Saturday, May 26, 2007

Memorial Day Redwood trip

Knowing that this was our last vacation before the end of the term, and the fact that we had gone crazy with the stress of school, and soon we would be moving to the other side of the country, we decided we both needed a vacation otherwise procrastination would overtake us. Actually I spent Friday and Saturday hard at work and just couldn't take it anymore. So Sunday morning we decided to drive down to the redwoods in northern California.
L. Drove while I typed my thesis. We bought an AC converter from the store before leaving so I could power my laptop. It was a pretty drive down and it was nice to have the GPS. When we got there I emailed the first draft from an open wireless point at a cafe while we ate lunch.
It was weird being able to spend some money since I had already got the sign-on bonus from the new job. We had been so tight with money for two years it was nice, but I felt guilty to get a nice hotel room with a jacuzzi.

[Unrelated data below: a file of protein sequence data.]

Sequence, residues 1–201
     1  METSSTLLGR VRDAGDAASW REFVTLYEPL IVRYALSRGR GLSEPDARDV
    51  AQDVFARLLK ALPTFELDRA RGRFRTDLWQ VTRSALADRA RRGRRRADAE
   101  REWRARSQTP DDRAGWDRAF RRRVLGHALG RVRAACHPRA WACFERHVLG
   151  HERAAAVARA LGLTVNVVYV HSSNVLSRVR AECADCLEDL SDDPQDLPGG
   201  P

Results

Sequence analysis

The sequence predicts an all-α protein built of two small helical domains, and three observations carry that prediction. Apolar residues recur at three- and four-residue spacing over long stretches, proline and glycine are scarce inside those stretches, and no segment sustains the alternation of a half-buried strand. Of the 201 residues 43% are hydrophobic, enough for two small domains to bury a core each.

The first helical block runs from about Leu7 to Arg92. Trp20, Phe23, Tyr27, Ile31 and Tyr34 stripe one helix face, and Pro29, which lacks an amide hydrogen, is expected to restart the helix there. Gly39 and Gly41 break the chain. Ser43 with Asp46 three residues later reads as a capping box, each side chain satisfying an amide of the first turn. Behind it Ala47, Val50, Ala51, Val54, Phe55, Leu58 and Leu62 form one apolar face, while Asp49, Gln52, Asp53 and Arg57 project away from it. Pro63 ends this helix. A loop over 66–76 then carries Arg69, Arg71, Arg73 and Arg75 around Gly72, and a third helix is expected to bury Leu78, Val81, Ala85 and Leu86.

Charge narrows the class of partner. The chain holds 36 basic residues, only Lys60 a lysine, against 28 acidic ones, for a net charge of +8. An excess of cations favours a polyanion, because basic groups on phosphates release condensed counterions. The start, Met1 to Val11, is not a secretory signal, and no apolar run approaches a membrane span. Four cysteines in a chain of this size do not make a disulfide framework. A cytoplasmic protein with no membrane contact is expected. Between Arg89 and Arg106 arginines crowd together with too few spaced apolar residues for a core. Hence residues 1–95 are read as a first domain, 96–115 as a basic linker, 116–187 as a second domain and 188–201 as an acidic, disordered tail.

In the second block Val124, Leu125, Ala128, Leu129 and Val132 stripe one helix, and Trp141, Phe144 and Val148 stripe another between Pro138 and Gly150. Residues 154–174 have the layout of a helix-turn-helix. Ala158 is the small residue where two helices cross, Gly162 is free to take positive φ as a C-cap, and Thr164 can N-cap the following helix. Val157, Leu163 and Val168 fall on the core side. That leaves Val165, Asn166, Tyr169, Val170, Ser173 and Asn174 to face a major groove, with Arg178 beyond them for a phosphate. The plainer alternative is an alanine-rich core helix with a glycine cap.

So all the really tall trees are in central california. These redwoods in Crescent City are all the really fat ones. We had fun walking though the state park which felt like you are a miniature person among all the huge trees and ferns. You half expect a dinosaur to go walking by. We also stopped off at a place that had a giant fiberglass Paul Bunyan outside. After looking around at the redwoods there is a cable car to the top of the mountain. We decided to walk down instead of talking the cable car back and had a nice allergy free stroll through the forest. It really was a needed relaxation.

1 comment:

M. D. Vaden of Oregon said...

What's interesting about the really tall ones, is that you can't really tell from the ground anyway.

The second tallest tree in Prairie Creek redwoods is near 350 feet tall and it's top can be seen from the Big Tree parking lot. But once into the woods, it's almost impossible to see the upper 3/4s of the tree.

The large ones tend to make for interesting photos.

Grove of Titans & Atlas Grove Redwoods

That page shows the largest known redwoods.